Road Trip Rules

1. Things will not go to plan, but plan we must!

2. Planning is fun and going is fun, get through the packing and you’re on your way!

3. Helping your kids learn to navigate with a map is a must.

4. Do not complete rule number three while pulling an RV through downtown Denver (trust me).

5. Budgeting is important. Its never fun to get home and be paying for last summers vacation the following January.

6. If you are traveling with family and friends set out the split on gas early.

7. Go dutch. Trying to pay for this meal and them for that meal just makes a mess of things. Pay your way as you go.

8. Don’t travel with folks you don’t know. This seems like a no-brainer, but take it from me discovering on day two of a two week road trip that your great friends from town who you saw every week for a couple of hours are very different people will likely make the remaining 12 days interesting.

9. Be kind. In most cases the only family that you have to live with 24/7 is your own. So, when Aunt Edna decides to be a pain in the neck, let her…all the while realizing that its a short term situation.

10. In regards to rule number 9: Don’t invite Aunt Edna next time.

11. The funny thing about talking about religion and politics on a road trip is that everyone is locked in with you. Likely even those who initially agreed with you may change their minds just to gain some peace. Here’s the secret, you don’t really care what they think and…surprise…they don’t care what you think either.

12. Don’t revisit Grandma’s will. Families all have stories of who got the candy dish and where the bank account ended up. Its in the past and won’t be changing. Don’t bring it up unless you plan to be ostracized and not invited next time (see rule number 10).

13. Don’t have an opinion on how others choose to spend their vacation dollars. It will irritate you and they really won’t care…so better to just say, “Good for you” and move on!

14. Don’t trust Siri. As I started with the RV over a mountain road to Cripple Creek, Siri assured me of my path. The signs in the side of the road warned not to trust Siri. Trust the road signs and the locals!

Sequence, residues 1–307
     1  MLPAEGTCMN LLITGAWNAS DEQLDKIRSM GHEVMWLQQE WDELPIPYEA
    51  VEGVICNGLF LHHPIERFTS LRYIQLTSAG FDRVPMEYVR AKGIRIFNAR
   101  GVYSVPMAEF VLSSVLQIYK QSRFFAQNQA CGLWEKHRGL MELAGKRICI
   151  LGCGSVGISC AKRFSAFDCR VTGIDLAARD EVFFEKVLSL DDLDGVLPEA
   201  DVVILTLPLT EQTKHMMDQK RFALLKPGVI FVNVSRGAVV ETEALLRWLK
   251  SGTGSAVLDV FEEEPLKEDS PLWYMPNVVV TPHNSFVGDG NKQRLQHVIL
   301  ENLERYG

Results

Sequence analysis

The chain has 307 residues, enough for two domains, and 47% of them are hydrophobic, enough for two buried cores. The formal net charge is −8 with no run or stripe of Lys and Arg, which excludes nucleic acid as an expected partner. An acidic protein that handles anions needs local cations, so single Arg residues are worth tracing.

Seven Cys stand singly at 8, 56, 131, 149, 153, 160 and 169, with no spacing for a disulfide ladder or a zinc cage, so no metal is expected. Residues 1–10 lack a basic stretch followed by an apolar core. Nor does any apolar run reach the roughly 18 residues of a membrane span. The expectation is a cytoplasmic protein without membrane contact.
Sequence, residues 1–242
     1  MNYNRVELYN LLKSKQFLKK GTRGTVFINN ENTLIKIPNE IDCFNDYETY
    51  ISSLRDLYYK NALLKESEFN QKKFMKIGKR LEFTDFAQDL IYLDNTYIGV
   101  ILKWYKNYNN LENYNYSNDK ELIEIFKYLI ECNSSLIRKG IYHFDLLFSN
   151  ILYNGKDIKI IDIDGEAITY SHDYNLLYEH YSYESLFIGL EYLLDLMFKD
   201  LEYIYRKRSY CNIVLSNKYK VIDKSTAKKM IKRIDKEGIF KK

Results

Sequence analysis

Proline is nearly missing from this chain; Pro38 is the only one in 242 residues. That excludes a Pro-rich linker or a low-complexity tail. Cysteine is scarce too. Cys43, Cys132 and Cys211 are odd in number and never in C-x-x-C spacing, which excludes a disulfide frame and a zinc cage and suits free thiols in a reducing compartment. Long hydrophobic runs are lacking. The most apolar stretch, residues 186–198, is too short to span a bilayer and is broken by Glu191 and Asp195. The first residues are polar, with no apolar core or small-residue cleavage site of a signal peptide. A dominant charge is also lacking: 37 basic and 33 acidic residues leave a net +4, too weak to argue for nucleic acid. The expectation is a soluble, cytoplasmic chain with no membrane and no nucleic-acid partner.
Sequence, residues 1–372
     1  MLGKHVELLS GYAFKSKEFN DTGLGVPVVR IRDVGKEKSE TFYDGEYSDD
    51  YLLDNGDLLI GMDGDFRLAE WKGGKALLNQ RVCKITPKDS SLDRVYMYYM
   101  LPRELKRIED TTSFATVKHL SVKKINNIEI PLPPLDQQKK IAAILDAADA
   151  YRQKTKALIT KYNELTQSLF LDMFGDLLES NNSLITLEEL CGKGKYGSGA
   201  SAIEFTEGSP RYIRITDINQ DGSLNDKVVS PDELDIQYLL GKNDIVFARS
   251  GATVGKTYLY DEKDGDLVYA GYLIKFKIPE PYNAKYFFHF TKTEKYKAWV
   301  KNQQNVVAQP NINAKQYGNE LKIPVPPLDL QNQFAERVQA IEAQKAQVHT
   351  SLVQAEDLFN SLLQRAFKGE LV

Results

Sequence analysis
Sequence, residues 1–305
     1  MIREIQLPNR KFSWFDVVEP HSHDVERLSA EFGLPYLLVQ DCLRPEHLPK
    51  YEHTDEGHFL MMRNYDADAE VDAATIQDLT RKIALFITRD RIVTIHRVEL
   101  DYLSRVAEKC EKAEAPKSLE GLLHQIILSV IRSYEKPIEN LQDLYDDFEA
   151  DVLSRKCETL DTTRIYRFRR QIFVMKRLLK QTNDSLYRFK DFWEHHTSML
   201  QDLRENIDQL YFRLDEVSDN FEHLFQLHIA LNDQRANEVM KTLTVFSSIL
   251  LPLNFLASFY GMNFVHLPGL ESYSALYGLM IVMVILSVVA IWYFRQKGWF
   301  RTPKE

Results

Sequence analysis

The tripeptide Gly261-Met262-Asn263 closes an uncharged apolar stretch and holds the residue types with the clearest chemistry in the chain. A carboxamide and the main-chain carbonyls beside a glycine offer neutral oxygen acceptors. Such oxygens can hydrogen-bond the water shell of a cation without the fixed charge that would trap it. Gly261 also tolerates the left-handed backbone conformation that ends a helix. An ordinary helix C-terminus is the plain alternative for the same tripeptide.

15. Reply with your own road trip rules in the comments below!

About Hiram

Eventually, all things merge into one, and a river runs through it. The river was cut by the world's great flood and runs over rocks from the basement of time. On some of the rocks are timeless raindrops. Under the rocks are the words, and some of the words are theirs. Norman Maclean, A River Runs Through It and Other Stories
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1 Response to Road Trip Rules

  1. Sue says:

    Before deciding to take a road trip with those outside of your immediate family, have a conversation about what is important to everyone in a road trip. If your idea of fun is taking your time and stopping at whatever looks interesting, and Aunt Edna believes in driving straight through for 8 hours a day, you may want to reconsider traveling together.

    Consider the ages and interests of the children. If your children are teens who are very interested in the arts and want to stop at museums and their cousins are all under the age of 8 and are only interested in sports, careful planning will be needed for everyone to have a good experience.

    The point above also relates to adults.

    If you do end up traveling with the cousins, understand that it is OK for the groups to separate from time to time to enjoy different activities. In fact, it can help maintain sanity if some separate activities are planned ahead of time.

    If someone on the road trip has specific dietary needs (allergies, etc.), do not negotiate. “Sally is allergic to wheat, so we will not be going to the pizza place,” is perfectly OK. This is, of course, different from Sally waking up with a different food preference every day.

    Finally – if at all possible, take off of work the day before you plan to leave so you have time to do all of the last-minute things that always seem to crop up and can leave feeling excited and refreshed, as opposed to being grumpy and exhausted from trying to do all of that after you got off work.


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